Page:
Anyway, I highly recommend the recreation of the broadcast. Find an hour and curl up next to your computer and pretend it’s a warm old valve radio. Leonard Nimoy plays Continue reading ‘We Interrupt This Broadcast…’
Do you know about Pauli’s Other Principle? One statement of it is:
Fermions are discovered in the US, whereas bosons are discovered in Europe.
(In case you don’t know, it is useful to classify particles according to whether they come with integer (0, 1,2,…) multiples of a basic unit of spin, or half-integer (1/2, 3/2,…) multiples. Fermions include the electron and the quarks, bosons include the photon and the gluons…)
Jester at Resonaances examines the striking evidence for the Principle in modern particle physics, and examines some of the predictions that follow from it. It was clear from the principle, for example, that the SSC (Superconducting Super-Collider) in Continue reading ‘Pauli’s Other Principle’
Yes, it is that time of year when the city goes purple. Or lavender.
The jacaranda trees go crazy for a while. There are stretches of several blocks long, Continue reading ‘Jacaranda Time!’
Hey, guess who was at Griffith Observatory recently? Brian May! He’s that astrophysicist who took some time off to play (excellent) guitar and compose songs in the band called Queen. Ring any bells? (I found the nice photo here.) So why was he in town? Well, a slightly giggly (but always great) Madeline Brand (of the NPR program “Day To Day”) went along to interview him, and you can listen to the interview here, and read a transcript, as well as see extracts from him book (written with Patrick Moore and Chris Lintott), charmingly and blatantly (but knowingly?) unrealistically called “Bang! The Complete History of the Universe”. I actually looked through it in a bookstore the other day – looks rather nice. Wonderfully produced and I read some well-written passages, so might be worth picking up if you’re looking for a fresh read about the universe.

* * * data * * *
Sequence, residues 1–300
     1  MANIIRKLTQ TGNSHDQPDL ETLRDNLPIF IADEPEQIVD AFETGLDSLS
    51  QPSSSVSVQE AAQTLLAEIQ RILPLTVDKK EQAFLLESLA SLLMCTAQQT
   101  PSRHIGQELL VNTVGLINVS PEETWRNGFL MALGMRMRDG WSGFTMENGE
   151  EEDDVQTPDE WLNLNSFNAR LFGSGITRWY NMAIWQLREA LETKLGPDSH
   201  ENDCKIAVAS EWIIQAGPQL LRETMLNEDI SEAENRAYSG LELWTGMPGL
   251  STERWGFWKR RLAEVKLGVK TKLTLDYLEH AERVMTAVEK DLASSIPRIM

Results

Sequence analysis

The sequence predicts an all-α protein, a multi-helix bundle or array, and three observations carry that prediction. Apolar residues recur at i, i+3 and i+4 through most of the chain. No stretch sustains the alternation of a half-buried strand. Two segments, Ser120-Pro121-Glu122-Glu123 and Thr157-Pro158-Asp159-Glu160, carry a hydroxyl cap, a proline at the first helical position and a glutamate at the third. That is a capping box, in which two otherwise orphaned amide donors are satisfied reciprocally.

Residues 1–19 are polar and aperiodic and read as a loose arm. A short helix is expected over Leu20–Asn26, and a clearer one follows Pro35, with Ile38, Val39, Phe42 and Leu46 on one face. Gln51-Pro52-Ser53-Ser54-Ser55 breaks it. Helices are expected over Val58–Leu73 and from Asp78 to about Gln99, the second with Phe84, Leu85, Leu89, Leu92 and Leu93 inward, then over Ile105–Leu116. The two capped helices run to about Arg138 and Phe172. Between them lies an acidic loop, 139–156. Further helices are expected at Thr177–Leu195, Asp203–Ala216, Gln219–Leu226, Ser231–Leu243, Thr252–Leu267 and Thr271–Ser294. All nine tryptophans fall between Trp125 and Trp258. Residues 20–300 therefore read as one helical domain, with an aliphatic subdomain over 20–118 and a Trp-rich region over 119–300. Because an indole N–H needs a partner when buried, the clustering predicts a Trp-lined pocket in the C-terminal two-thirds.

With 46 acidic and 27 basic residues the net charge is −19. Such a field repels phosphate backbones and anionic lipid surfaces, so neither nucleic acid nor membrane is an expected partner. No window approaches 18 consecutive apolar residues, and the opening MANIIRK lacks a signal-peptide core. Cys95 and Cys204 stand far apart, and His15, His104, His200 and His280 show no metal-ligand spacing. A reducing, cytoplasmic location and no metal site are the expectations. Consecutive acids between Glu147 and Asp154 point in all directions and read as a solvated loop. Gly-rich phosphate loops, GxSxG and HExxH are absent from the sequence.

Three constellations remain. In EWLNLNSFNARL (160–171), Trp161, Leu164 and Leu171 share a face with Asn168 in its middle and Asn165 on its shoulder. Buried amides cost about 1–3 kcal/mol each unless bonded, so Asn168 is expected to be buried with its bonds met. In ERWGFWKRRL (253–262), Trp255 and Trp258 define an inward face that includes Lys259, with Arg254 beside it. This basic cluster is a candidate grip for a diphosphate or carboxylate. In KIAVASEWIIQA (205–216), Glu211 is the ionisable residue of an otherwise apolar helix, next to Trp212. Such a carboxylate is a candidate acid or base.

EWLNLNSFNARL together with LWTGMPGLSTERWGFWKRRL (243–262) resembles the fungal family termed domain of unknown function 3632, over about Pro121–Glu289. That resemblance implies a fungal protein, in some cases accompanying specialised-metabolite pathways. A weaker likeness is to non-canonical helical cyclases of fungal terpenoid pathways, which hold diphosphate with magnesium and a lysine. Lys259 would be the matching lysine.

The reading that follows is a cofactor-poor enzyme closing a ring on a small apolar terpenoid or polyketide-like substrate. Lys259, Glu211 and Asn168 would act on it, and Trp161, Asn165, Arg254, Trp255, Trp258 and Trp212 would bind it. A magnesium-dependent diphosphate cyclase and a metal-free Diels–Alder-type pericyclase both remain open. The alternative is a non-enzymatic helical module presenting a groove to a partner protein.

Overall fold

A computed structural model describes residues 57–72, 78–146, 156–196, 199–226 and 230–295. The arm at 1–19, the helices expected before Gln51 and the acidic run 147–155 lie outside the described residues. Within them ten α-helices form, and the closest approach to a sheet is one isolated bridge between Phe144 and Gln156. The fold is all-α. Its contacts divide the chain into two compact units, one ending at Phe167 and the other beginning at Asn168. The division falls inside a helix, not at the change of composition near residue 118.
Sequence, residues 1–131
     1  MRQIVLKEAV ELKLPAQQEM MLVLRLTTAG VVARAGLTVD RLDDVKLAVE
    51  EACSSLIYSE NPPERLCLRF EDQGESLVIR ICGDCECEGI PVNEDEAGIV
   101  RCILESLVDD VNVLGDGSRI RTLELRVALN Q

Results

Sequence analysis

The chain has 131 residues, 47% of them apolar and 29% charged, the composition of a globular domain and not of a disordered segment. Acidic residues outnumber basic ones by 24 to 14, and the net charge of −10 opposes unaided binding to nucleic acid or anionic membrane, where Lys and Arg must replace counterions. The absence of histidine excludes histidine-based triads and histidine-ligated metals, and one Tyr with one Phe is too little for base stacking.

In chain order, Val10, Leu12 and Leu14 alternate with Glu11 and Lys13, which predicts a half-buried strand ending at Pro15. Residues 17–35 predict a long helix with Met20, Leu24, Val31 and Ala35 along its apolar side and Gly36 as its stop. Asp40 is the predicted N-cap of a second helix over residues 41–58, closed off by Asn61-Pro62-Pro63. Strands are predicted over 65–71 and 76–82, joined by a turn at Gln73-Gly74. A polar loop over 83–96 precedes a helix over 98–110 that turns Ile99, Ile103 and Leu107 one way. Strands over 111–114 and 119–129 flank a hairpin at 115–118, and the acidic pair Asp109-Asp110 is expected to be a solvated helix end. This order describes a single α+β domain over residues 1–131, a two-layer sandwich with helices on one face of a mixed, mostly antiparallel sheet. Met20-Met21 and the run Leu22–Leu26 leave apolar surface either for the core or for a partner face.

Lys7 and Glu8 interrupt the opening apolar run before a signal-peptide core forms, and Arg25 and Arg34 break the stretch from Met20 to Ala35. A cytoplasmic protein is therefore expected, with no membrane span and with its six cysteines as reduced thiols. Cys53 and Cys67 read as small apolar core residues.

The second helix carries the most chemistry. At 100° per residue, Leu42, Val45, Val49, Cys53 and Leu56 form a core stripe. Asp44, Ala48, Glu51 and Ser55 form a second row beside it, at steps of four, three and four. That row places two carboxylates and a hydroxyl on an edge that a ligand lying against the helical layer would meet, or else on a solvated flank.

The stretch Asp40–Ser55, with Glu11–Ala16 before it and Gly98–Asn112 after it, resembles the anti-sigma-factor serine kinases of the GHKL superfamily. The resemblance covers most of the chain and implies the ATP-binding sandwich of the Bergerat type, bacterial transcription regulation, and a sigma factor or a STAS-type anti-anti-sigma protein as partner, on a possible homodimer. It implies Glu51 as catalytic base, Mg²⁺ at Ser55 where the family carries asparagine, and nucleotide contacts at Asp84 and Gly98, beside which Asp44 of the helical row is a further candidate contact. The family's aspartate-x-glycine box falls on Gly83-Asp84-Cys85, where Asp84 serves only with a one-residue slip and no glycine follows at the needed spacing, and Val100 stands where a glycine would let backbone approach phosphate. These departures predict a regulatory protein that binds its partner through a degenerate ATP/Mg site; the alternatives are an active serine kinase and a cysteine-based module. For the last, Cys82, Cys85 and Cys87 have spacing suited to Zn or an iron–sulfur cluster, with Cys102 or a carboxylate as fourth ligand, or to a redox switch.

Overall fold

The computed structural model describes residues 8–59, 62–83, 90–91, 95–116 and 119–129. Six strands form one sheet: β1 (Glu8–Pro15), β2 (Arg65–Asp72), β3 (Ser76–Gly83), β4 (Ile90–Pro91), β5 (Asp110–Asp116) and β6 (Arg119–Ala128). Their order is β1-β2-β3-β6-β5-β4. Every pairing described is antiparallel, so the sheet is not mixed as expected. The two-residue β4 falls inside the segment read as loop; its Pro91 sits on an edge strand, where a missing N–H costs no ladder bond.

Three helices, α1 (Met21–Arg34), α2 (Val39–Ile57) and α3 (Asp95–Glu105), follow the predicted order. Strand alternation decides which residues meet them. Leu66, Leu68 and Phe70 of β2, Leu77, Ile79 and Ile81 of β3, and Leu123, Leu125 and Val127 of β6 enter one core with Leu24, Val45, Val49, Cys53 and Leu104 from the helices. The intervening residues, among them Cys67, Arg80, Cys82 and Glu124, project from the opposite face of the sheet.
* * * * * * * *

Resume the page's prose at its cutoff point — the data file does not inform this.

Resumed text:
As a side note, I was a huge fan of his during my middle to late teenage years and Continue reading ‘Good Company’
Well, every now and again the link tracker from google’s blog search engine (which reports some links to the blog to me on the blog software’s control panel) throws up some weird random stuff. There was a funny one today. Some site that aggregates random stuff had a post about the Fresh Prince. It then gathered images from the web to illustrate, and somehow grabbed an image from this blog among the haul, which is why I knew of this. Two that ended up together are to the right.
Prince pictures, it said. Excellent.
I recommend these videos that show the inside workings of the ATLAS detector of the Large Hadron Collider (LHC) using animation. They are quite stunning and simply lovely. Science aside for a moment (and you can learn about it in the posts listed below), remember that the LHC is simply the largest and most complicated device ever constructed, with the largest team of scientists assembled. It is a wonderful reminder of the international, collaborative, and cross-cultural nature of science.